UNT Libraries - 4 Matching Results

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The Effect of Examination Stress on Phagocytic Immune Functioning

Description: The purpose of this study was to determine whether psychological stress, specifically examination stress, would decrease immune system functioning. Twenty-five first-year master's and doctoral students who volunteered to participate in the study were psychologically and immunologically assessed during two high- and two low-stress periods. Immunological assessments included a white blood cell differential count and nitroblue tetrazolium test (NBT) to measure neutrophil functioning. Psychological instruments administered at each assessment period included Clinical Analysis Questionnaire (CAQ), Bender Gestalt Test, State- Trait Anxiety Inventory (STAI) and a Brief Stress Questionnaire. Stepwise discriminant function analysis of data revealed five variables which contributed significantly to change under stress and yielded an average canonical correlation of .79 (p < .002) providing evidence of support for the hypothesis that increased psychological stress will alter immune functioning and heighten psychological responses.
Date: December 1985
Creator: Didriksen, Nancy A. (Nancy Andrews)

Health Attribution, Client Motivation, and Problem Imagery in the Rehabilitation Applicant: A Study of Rehabilitation Outcome

Description: One hundred persons applying for services with the Texas Rehabilitation Commission with reported disabilities of alcohol/substance abuse or back injury/pain were selected for study. Subjects were assigned to two groups (alcohol or back) according to their reported disability. They were tested within one week of application and after 60 days were checked to see what rehabilitation status they were in to determine success or failure. Alcohol clients were administered the Health Attribution Test (HAT), 16PF, and an Alcohol Imagery questionnaire developed for this study. Back clients were administered the HAT, 16PF, and Pain Drawings. Statistical procedures including Pearson correlation, stepwise discriminant analysis, and discriminant analysis were performed. The HAT Internal Factor showed a significant relationship to rehabilitation success or failure and the 16PF motivation indices approached significance. The discriminant analysis demonstrated that success or failure could be predicted at a significant level using these measures. Issues of practicality in using these instruments (particularly imagery measures) in a rehabilitation counseling practice were noted.
Date: December 1985
Creator: Drake, Roy Vernon

Life Stress and Incidence of Pediatric Sickle Cell Anemia Pain Crises

Description: This study investigated the relationship between stress and pain crisis incidence in pediatric Sickle Cell Anemia (SCA). It was hypothesized that SCA children were exposed to higher levels of stress than healthy children. It was also hypothesized that a significant positive correlation existed between level of stress and pain crisis incidence both within and between years. The sample consisted of 20 Black elementary school children with SCA. There were 12 female and 8 male children. The period of investigation included the calendar years 1983 and 1984. Pain crisis incidence was determined through parent interviews and verified by a review of medical records.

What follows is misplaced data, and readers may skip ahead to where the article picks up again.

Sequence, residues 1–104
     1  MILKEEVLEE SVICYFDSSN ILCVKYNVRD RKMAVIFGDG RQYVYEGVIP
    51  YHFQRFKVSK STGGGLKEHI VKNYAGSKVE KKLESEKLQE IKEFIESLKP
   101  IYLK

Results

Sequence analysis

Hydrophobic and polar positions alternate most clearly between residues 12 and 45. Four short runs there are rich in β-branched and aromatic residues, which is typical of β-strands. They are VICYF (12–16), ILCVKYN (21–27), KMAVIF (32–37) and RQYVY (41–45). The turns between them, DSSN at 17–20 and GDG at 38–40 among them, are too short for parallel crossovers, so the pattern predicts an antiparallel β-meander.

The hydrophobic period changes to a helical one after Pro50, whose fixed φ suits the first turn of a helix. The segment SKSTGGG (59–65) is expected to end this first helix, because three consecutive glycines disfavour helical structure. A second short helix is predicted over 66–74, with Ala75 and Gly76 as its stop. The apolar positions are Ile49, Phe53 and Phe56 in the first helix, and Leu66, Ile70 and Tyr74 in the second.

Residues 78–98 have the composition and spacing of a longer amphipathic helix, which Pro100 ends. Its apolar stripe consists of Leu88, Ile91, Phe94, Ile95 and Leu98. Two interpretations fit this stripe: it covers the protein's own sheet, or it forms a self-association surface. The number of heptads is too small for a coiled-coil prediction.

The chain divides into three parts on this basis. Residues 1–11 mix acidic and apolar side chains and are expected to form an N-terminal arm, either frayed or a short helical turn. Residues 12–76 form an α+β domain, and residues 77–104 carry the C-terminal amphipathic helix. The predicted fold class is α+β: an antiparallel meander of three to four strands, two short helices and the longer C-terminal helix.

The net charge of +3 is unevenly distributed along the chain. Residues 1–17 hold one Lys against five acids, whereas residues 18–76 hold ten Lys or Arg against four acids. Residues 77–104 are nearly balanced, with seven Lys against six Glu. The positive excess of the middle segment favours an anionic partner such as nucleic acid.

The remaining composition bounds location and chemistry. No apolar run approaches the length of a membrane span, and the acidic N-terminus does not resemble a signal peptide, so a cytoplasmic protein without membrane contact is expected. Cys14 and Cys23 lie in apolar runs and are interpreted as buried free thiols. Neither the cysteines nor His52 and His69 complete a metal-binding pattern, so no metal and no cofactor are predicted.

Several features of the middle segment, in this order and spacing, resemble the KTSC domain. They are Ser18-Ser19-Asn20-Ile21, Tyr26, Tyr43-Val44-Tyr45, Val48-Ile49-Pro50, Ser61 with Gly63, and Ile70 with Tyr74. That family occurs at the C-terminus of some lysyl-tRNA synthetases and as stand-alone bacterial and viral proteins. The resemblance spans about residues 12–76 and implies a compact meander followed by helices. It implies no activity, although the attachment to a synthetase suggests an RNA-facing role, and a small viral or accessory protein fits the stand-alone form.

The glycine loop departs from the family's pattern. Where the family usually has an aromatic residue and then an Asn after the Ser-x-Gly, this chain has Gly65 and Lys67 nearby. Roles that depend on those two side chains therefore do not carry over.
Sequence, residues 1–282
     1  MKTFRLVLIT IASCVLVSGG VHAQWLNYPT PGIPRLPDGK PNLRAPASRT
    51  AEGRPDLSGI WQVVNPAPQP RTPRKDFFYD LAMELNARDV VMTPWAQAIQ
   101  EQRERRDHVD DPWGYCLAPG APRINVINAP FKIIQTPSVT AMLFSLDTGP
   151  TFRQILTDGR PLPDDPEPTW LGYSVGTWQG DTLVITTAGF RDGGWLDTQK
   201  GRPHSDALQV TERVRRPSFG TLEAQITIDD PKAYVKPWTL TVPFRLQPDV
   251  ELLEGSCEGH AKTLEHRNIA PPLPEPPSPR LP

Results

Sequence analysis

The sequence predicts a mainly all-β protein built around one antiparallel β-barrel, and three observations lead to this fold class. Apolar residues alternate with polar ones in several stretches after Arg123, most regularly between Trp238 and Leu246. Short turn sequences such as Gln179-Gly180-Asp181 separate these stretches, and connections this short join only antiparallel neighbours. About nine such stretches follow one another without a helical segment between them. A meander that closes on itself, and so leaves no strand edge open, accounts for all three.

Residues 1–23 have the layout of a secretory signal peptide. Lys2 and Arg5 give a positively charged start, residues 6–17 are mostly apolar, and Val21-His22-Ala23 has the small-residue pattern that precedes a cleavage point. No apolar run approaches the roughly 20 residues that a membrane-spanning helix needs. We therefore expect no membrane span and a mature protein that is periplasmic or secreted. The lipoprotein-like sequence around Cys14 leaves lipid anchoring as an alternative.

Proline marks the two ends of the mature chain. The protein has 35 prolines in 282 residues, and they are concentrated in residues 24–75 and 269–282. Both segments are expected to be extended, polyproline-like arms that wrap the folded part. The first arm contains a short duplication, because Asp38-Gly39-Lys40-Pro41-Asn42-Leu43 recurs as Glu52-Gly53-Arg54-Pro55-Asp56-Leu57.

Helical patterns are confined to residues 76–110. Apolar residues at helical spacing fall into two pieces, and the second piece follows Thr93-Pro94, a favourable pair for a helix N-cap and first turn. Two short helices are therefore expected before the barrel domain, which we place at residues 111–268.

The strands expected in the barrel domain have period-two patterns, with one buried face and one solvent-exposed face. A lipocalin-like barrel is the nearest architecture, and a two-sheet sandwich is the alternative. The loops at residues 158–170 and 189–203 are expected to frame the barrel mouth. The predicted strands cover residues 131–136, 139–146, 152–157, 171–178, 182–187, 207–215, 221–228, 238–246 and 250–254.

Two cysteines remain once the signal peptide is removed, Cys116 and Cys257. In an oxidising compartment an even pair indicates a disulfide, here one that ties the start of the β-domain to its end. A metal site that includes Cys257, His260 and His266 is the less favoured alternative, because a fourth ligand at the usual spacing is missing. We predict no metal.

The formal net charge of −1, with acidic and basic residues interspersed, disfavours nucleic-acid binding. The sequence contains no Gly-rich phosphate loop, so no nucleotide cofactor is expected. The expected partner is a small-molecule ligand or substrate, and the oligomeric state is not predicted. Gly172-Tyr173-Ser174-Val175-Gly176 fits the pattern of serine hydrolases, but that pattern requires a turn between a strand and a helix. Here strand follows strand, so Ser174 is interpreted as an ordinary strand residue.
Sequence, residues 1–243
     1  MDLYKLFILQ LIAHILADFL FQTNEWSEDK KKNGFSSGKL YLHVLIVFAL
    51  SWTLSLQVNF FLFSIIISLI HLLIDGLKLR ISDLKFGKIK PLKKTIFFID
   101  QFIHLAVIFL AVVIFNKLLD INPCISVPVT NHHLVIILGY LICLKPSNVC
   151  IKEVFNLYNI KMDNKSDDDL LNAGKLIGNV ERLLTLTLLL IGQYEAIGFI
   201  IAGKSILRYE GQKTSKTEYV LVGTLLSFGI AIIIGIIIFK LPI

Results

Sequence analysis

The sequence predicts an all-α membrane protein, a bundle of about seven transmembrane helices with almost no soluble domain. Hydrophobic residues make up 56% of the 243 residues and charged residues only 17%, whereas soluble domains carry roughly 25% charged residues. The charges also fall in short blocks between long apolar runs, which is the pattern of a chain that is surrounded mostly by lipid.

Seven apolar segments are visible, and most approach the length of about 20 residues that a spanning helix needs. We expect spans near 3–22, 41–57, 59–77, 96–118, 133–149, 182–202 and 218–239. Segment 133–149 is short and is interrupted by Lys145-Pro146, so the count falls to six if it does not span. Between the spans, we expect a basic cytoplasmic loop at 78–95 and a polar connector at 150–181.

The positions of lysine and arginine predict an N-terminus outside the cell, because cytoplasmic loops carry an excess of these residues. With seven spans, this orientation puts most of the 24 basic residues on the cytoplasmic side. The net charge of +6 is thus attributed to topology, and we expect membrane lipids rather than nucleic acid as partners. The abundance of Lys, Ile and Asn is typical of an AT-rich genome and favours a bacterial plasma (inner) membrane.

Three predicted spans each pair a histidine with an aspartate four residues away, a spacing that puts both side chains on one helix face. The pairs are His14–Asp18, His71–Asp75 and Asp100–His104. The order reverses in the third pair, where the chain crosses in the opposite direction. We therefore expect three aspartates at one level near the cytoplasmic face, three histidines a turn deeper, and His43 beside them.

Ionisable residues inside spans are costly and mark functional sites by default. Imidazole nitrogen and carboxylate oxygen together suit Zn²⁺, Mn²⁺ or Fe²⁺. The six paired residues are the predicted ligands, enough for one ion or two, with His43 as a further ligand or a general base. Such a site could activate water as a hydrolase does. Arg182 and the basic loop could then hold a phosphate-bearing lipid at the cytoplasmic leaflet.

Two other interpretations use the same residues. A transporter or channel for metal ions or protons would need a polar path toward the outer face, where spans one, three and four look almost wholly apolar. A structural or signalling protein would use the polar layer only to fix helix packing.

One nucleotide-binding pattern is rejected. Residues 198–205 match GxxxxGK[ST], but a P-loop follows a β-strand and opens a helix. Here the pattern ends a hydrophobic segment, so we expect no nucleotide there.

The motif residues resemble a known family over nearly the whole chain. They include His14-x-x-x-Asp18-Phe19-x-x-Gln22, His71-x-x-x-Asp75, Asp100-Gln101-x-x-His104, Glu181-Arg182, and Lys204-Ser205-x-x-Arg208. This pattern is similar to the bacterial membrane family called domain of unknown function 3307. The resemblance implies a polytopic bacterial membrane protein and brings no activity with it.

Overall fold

Date: December 1985
Creator: Norsworthy, William Ludy, 1948-

Influences of Stated Counselor Religious Values on Subjects' Preference for a Counselor

Description: The effects of the counselor's religious values on the counseling process has been a focal point recently in the literature on counseling and psychotherapy, especially with regard to how the counselor's announced values might effect potential clients' selection of a counselor. In the present study, the investigator addressed this issue in a study with 125 male and 125 female undergraduate students assigned to five different groups in which they read a script that differed with respect to the counselor's religious orientation. The content of the five scripts ranged from no mention of religious values to describing in detail the specific religious values of the counselor. Subjects' responses to the scripts were measured by having them rate (1) the degree of similarity in their own values and the announced values of the therapist; (2) their rating of how helpful they thought the therapist would be with their problem; and, (3) their stated willingness to see the counselor. Results indicated that subjects who read the script describing an agnostic counselor saw a significant degree of dissimilarity between their own and the counselor's values, but this did not affect subjects' perceptions of the counselor's helpfulness or their willingness to see the counselor. Differences in the degree of religiosity between subjects and sex differences observed were discussed as were implications for future research.
Date: May 1985
Creator: Wyatt, Steven C. (Steven Charles)